Godzilla 3D review

Blockbuster creature-feature roars onto Blu-ray with a reference-quality 7.1-channel soundtrack

Hollywood's second attempt at bringing Godzilla to the bigscreen avoids the (many) pitfalls that befell Roland Emmerich's terrible 1998 effort. However, this hasn't stopped this new reboot from stumbling into a couple of its own making.

Returning to the original idea of its titular character as a nuclear-powered force of nature, Godzilla positions its human cast as spectators in a battle between the beast and the new-made M.U.T.O. (Massive Unidentified Terrestrial Organism). This allows director Gareth Edwards to build on the techniques he developed for his 2010 debut Monsters; the action is viewed from humanity's point of view, with the monsters themselves frequently obscured by the destruction they cause and their sheer scale.

It's not a bad idea and goes some way to bringing a little mystery back to the franchise. The trouble is that the character who acts as the audience's primary viewpoint into the film (Aaron Taylor-Johnson's bomb disposal expert) just isn't very interesting, and the contrivances needed to ensure that he's always where the action occurs sometimes beggars belief. The supporting cast is packed with actors like Bryan Cranston, Ken Watanabe, Sally Hawkins and Juliette Binoche – any one of whom could have improved the human element that dominates so much of the film had they only been given more screen time.

Picture: While Godzilla wasn't shot in native 3D, the conversion here works pretty well, thanks to the film's vast amount of green-screen and digital VFX. This is evidenced by the Blu-ray's stereoscopic 2.40:1-framed MVC 1080p encode, which offers good separation and dimensionality for much of its running time.

Unsurprisingly, image clarity drops off a touch during the final act as Godzilla and the M.U.T.O.s face-off against one another at night in the ruins of San Francisco, although the use of pockets of light on different planes during night shots helps sell the 3D effect in even the darkest scenes, demonstrating a level of forethought on the Edwards' part that hasn't always been present in other ret-cons.

The alternate AVC 2.40:1 1080p 2D presentation (which arrives on a separate disc) scores better when it comes to the overall clarity and brightness of the image. This in turn aids the resolving of shadow detail, resulting in an even more finely-nuanced and textured hi-def presentation. Given the frequently dark and gloomy visuals the film adopts, it's about as good as you could hope for.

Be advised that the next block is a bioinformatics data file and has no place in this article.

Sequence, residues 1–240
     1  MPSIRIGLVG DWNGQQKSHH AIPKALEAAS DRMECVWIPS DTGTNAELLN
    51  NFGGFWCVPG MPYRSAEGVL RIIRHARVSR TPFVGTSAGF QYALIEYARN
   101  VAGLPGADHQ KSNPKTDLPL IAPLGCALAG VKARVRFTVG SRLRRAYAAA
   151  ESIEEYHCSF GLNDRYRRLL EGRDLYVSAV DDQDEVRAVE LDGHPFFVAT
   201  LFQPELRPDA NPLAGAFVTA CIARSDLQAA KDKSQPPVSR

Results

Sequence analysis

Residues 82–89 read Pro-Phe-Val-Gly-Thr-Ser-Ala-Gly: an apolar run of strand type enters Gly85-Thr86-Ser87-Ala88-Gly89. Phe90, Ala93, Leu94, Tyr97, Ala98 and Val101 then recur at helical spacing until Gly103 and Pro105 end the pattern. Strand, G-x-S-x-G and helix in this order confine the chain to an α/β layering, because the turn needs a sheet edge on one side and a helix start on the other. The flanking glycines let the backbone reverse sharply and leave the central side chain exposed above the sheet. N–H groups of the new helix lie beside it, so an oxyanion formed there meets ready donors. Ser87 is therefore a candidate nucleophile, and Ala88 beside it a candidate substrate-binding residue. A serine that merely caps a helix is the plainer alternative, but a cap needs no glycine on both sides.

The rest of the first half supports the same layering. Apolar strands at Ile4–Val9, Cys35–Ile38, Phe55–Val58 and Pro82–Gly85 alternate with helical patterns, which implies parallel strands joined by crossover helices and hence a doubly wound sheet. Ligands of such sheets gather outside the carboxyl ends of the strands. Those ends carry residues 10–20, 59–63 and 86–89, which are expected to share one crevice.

Picture rating: 4/5

Audio: As we learnt from Pacific Rim, any movie based around the notion of giant monsters rampaging around cities is going to come with some hefty assumptions where the soundtrack is concerned. Even so, this Blu-ray release of Godzilla still managed to trump our expectations with its staggering DTS-HD MA mix.

Dynamic, powerful, aggressive, expansive and detailed from start to finish, the disc's 7.1-channel soundtrack delivers on all levels. And while it was inevitable that there would be no shortage of booming bass, it's the way in which low-end effects are controlled that really stands out.

To see what we mean, spin up the railway bridge sequence in Chapter 8 where the bass-rich clicks and vocalisations of the M.U.T.O circle around the soundstage – as the creature itself circles around the two soldiers hiding there. It's an astonishing acoustic experience of precision and control.

So do we have any complaints? Only, considering the film was mixed theatrically for Dolby Atmos, that this Blu-ray release hasn't been turned into the flag-bearer for the home incarnation of the technology.
Audio rating: 5/5

Extras: There's not a lot to get excited about here. Monarch: Declassified hosts a trio of in-universe films – Operation: Lucky Dragon (three minutes) regards the original encounter with Godzilla, The M.U.T.O. File (four minutes) explores the film's other monsters, and The Godzilla Revelation (seven minutes) reflects on the events of the movie.

The Legendary Godzilla contains four featurettes looking at the making of the film. Godzilla: Force of Nature (19 minutes) is an interesting overview of the production, A Whole New Level of Destruction (eight minutes) deals with the set and production design, Into the Void: The H.A.L.O. Jump (five minutes) looks at this key scene from the film; and Ancient Enemy: The M.U.T.O.s (seven minutes) handles the creation of Godzilla's opponents.

If Godzilla is to be re-released on Blu-ray with a Dolby Atmos audio upgrade in the not-too-distant future (and if it was we'd queue up to buy it), then Warner Bros. Home Entertainment should also take the opportunity to give the extra features a much-needed boost as well.
Extras rating: 2/5

We say: Astonishing 7.1-channel sonics make this incarnation of Godzilla the king of the monsters on Blu-ray

Godzilla 3D, Warner Bros. Home Entertainment, All-region BD, £28 Approx